2002-09-14 / Letters

Handmade Tribute Flag

Dear Editor;

Let me preface this writing by stating that I worked at the World Trade Center for over 20 years until 1997. First, with The Port Authority of New York and New Jersey and later with the law firm, Brown & Wood, I was in the 1993 bombing and tasted both the worst of fears and the best of camaraderie, bravery and human kindness in the face of impending death and disaster.

This handmade Flag, which I began the day after 9/11, is on exhibit at The Harbor Bakery, 183- 116 Street, through September 14. It is a tribute to all those lost at the World Trade Center. Attached is a brief history of "Old Glory," the history of the medium used, and a tribute in remembrance which makes up the plaque also on display with the Flag.

I would appreciate it if you would find a space in your paper to let people know, come out and see it, say a prayer and remember. Thank you.


The History of "Old Glory"

In 1831, Captain Steven Driver, a Salem, Massachusetts shipmaster, was presented with a 24-star American Flag by friends and immediately called it "Old Glory." He remained staunch to the Union and during the Civil War he hid his flag from Rebels who would have destroyed it by sewing it between the quilt-top and batting of his bedcovers. When the Sixth Ohio Regiment captured Nashville, Tennessee in 1862 the old Captain brought his beloved flag out of its hiding place and climbed to the tower of the Capitol to fly it. The Sixth Ohio Regiment cheered, saluted and later adopted the nickname "Old Glory" as their own, re-telling the story of Captain Driver's devotion to his Country and the Flag we honor today.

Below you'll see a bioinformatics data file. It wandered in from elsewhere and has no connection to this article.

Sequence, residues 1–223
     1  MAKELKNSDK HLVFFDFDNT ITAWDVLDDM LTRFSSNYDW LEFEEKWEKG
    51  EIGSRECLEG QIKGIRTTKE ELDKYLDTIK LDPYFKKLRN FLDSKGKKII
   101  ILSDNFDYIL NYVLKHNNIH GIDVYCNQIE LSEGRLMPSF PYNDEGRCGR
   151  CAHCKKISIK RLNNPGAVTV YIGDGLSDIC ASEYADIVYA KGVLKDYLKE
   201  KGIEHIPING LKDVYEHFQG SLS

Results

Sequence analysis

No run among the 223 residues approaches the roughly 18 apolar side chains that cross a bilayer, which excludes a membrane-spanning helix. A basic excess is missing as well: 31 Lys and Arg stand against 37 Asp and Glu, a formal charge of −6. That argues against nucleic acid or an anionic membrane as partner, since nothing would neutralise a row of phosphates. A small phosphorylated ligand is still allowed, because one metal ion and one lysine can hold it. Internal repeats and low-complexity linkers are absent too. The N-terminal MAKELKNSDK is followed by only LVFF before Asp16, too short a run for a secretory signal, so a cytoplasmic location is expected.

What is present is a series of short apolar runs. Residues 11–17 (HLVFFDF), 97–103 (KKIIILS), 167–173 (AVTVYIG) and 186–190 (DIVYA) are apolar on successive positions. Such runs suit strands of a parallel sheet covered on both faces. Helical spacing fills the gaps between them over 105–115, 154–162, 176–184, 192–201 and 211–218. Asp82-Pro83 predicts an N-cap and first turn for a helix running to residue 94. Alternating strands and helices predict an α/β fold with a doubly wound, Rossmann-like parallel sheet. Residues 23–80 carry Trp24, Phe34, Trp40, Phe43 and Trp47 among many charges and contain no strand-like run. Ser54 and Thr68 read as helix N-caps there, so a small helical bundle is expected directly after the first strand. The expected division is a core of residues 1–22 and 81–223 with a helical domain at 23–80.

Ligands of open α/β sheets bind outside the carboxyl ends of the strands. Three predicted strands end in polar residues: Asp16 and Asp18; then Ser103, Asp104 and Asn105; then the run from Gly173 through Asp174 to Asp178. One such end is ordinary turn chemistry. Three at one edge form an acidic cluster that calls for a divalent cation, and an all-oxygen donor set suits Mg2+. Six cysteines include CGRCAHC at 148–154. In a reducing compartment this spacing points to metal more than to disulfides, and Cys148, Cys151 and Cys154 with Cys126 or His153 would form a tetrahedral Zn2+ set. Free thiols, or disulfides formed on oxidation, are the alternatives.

The "Granny Square" Crochet Pattern

The traditional "granny square" pattern, popular in America since the 19 century, is reminiscent of the tradition set by American pioneer women who made use of every available scrap of fabric to create useful and beautiful patchwork quilts. In Europe the technique of making granny squares is known as "American crochet."

"Granny's Old Glory"

This Flag, called "Granny's Old Glory," was hand crocheted in Brooklyn, New York, as a tribute to all those lost at the World Trade Center. This work was started the day after 9/11 and took four months to complete. The Flag is unique in that this pattern has included a band around each stripe to align with the field of stars using 364 squares to represent each day of the year, while the squares in concert form the entire Flag representing a united America standing together on September 11, now and forever.

Now we know firsthand, on our own soil, in our own City, neighborhoods and homes the grief and sorrow of loss of our loved ones through terrorism. We promise to proudly stand united. We will never forget you.

This flag is a labor of love, tears, pride and respect for and in memory of those who gave and lost their lives as the World Trade Center on September 11, 2001.



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